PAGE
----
Now that their city is in demand once again, Prato's residents are suddenly claiming that Pronto Moda was their idea all along. The Chinese, they say, are ruining the Italians' reputation with their cheaply made versions of Italian style. It shouldn't be tolerated, they say, because, after all, slavery is both the secret and the Achilles' heel of the Chinese immigrants' success.
Meng, a pale, thin girl with bangs hiding much of her face, lives on a small street in Prato's old section. She says she is 22, but she looks more like a child. She works long, grueling hours as a seamstress for one of the new Pronto Moda bosses.
She has a few hours off and is sitting in an Italian friend's kitchen, drawing brassieres and strapless evening gowns on a sheet of paper -- the kinds of clothes she'll never be able to afford. She wears a loose-fitting jacket and pulls down the sleeves whenever she moves her arms. A charm bracelet dangles from her delicate wrist, hiding unsightly scars.
Like many others here in Prato, Meng, whose name translates as "Dream," grew up in Wenzhou. Because her older sister was already married and her younger sister was still in school, the mother decided that Meng would be sent to Prato to prospect for Italian gold. She hid in her grandparents' house, but that didn't help. Her mother had already paid for the airline ticket and had hired a trafficker. Three years ago Meng flew to Rome and then went to Prato, where the usual torture began: working 15 or 16-hour shifts in the factory, occasionally even 30 hours during the high season. "Gold?" Meng said to her mother in their first phone conversation, "there isn't any gold here!" Last summer, after two-thirds of the €15,000 she owed the traffickers had already been paid off, Meng had an accident that changed everything.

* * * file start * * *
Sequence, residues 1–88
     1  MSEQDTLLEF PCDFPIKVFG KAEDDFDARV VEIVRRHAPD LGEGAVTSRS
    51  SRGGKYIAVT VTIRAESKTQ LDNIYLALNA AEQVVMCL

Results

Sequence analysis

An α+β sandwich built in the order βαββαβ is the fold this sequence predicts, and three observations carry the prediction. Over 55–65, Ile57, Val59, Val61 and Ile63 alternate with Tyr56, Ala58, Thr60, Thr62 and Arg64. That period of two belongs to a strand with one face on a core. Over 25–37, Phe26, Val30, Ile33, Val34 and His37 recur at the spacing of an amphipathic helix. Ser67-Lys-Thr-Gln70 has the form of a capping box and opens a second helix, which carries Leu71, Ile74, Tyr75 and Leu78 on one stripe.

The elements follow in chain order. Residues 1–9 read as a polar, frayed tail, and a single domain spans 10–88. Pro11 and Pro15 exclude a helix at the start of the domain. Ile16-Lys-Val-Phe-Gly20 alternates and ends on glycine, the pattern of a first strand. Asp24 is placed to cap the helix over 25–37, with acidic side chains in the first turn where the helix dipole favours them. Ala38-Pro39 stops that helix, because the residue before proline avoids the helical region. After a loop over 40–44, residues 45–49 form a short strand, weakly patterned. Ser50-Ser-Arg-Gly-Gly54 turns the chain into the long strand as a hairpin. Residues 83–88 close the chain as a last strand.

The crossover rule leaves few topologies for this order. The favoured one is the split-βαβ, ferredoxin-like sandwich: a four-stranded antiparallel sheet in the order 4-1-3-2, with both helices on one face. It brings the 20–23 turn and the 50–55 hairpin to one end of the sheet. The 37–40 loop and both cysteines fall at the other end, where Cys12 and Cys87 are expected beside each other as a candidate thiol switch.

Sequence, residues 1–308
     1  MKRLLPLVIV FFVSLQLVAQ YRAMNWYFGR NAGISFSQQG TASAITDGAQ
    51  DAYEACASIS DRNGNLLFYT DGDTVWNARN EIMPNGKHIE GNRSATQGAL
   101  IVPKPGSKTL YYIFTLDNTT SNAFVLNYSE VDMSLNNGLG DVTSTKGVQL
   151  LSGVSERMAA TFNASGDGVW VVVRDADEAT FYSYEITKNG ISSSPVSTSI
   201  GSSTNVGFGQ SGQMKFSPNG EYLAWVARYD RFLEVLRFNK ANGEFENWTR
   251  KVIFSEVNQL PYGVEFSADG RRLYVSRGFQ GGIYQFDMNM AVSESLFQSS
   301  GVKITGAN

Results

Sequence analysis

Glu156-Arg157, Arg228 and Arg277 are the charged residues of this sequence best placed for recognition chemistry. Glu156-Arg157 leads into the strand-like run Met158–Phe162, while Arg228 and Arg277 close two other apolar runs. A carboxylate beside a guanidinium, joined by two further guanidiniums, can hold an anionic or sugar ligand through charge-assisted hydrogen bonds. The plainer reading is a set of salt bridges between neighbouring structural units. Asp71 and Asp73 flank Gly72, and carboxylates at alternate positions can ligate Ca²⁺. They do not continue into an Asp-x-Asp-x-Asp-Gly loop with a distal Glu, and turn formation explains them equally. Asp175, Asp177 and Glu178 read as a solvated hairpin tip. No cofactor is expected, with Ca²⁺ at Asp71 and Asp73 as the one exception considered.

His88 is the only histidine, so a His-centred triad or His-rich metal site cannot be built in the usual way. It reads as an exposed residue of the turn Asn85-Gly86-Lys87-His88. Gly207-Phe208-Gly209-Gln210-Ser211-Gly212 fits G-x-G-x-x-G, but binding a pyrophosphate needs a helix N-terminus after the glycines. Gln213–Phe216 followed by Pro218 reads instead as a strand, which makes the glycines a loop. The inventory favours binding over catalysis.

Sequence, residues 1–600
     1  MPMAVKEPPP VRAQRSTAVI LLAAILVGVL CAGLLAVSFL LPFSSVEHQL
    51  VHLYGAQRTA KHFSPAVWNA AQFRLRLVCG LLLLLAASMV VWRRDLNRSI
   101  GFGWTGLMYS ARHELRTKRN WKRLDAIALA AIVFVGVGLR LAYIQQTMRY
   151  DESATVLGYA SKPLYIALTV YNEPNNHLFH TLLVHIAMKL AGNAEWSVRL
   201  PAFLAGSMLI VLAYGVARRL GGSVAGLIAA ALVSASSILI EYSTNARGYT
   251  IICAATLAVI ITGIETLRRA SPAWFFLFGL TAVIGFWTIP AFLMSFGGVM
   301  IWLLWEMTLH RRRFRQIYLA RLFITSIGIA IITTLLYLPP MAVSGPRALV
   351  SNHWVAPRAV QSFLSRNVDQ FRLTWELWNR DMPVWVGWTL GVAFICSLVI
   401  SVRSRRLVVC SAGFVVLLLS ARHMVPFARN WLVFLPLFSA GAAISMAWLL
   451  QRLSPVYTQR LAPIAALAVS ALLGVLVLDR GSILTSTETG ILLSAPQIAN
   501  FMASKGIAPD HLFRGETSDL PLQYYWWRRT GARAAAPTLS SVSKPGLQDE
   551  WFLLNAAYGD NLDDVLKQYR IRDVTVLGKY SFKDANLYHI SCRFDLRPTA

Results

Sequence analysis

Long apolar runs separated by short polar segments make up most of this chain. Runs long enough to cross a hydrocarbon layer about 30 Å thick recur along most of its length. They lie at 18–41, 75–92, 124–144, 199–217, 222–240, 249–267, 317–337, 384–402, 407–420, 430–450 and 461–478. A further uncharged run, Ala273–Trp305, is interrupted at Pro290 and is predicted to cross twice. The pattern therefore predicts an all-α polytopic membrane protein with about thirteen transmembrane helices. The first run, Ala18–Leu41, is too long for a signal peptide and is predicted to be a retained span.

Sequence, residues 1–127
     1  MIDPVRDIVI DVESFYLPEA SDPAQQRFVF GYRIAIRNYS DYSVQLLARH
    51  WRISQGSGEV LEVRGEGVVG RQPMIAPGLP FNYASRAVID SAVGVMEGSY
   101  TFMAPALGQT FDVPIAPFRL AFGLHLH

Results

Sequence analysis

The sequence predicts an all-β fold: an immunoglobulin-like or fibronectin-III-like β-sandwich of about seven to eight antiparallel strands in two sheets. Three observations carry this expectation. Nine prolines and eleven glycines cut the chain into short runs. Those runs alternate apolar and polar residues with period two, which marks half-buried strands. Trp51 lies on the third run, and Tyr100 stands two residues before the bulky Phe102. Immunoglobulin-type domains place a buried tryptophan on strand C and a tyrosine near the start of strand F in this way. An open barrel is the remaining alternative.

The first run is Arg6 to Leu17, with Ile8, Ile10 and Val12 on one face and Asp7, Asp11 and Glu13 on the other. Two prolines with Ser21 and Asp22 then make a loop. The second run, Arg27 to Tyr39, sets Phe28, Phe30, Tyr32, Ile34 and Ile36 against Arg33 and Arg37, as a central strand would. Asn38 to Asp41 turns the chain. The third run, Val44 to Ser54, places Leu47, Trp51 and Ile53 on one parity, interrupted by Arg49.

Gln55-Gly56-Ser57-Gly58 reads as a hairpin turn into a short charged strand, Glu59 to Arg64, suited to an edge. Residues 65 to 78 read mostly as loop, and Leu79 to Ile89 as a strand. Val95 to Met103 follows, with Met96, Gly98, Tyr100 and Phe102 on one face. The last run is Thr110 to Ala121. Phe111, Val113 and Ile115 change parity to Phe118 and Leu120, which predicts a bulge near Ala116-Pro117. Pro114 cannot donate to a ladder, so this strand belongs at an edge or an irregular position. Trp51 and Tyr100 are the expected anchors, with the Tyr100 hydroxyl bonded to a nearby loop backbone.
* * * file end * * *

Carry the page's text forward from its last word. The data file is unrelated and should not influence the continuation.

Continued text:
She says that she fainted in the factory and stumbled into a glass door. The broken glass sliced into her arms, forehead, temples and nose. The foreman was furious and had her sent to a hospital, where she spent the next two weeks. A short time later, an Italian found her on a bridge in the old section of Prato. When she told him that she wanted to jump off the bridge, he took her in for a few days and then enrolled her in an Italian language course. A few days later she was caught riding a bus without a ticket and, after being told that she now faced deportation, Meng went underground for a while. She has been working again for the past four months, this time in a different factory where her sewing duties aren't as intense and she is encouraged to draw models, as she does now in the Italian friend's kitchen.
After eating her meal, she goes into the hallway and sits in front of a mirror, but without looking at herself. She calls her mother in Wenzhou, as she does every Sunday, and tells her about the clear blue skies over Tuscany. She never complains about her life as a slave laborer, knowing full well that her family wouldn't understand. She's homesick and wants cosmetic surgery. But she lacks the €2,000 she still owes the trafficker, a ticket back to China and her mother's permission to return home.